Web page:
That speaks for itself! And finally, Secretary Rumsfeld also has noticed that our description of the enemy in Iraq should probably be altered to something more realistic:

"Insurgents" just seems like too positive a word to describe terrorists in Iraq
and implies a level of legitimacy they don't have and don't deserve, Defense
Secretary Donald H. Rumsfeld told Pentagon reporters Nov. 29.

Perhaps “filthy murdering terrorist scum” is a better moniker.

As Norman Podhoretz has observed, the aforementioned “cut-and-run crowd” is clearly in a desperate panic – a panic that this is all going to work out, leaving them permanently marginalized.

At the same time, the morale of American troops remains high, as described by Marine Lieutenant General James Conway:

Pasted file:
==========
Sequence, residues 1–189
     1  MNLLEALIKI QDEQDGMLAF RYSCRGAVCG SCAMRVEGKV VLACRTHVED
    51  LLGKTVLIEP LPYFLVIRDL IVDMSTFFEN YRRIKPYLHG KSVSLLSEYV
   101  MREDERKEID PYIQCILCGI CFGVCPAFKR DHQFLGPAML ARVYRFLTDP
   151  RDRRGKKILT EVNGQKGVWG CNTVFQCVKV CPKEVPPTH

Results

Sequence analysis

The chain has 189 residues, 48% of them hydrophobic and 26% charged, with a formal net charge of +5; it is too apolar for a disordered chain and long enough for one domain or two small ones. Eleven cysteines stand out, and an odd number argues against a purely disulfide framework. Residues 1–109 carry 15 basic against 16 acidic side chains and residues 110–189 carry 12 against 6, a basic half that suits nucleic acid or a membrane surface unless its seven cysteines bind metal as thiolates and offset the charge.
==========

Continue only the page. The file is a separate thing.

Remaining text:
The fact is, they get it. They are closest to the action, they feel the momentum
shifts, and they know when they have taken the best the enemy can dish out. They
know what victory looks like and smells like - and they know it's only a matter
of time.

This is despite having to battle a headwind of a hostile media, as Marine Sergeant David Karnes put it so nicely:

A lot of so-called experts back home who are far removed from this combat zone
like to say that the constant negative media reporting on the war has no effect
on the troops. It does have an effect and the effect is demoralizing.

However, even this headwind may finally be abating; as Anderson Cooper of CNN recently wrote:

Every soldier I talked to today said the media hasn't done a good job of telling
the full story from Iraq. It's a complaint I've heard before, and certainly
understand. I do think television tends to focus on the bombs and the bullets,
the most dramatic headlines. So much of what happens here never makes the